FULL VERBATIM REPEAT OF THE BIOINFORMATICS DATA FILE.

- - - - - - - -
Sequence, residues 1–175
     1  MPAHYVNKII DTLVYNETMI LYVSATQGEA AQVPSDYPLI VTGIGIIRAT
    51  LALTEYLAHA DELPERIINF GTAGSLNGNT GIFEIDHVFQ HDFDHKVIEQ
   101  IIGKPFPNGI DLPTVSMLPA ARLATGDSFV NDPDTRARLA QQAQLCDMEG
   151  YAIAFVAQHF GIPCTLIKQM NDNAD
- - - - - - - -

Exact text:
Sequence, residues 1–175
     1  MPAHYVNKII DTLVYNETMI LYVSATQGEA AQVPSDYPLI VTGIGIIRAT
    51  LALTEYLAHA DELPERIINF GTAGSLNGNT GIFEIDHVFQ HDFDHKVIEQ
   101  IIGKPFPNGI DLPTVSMLPA ARLATGDSFV NDPDTRARLA QQAQLCDMEG
   151  YAIAFVAQHF GIPCTLIKQM NDNAD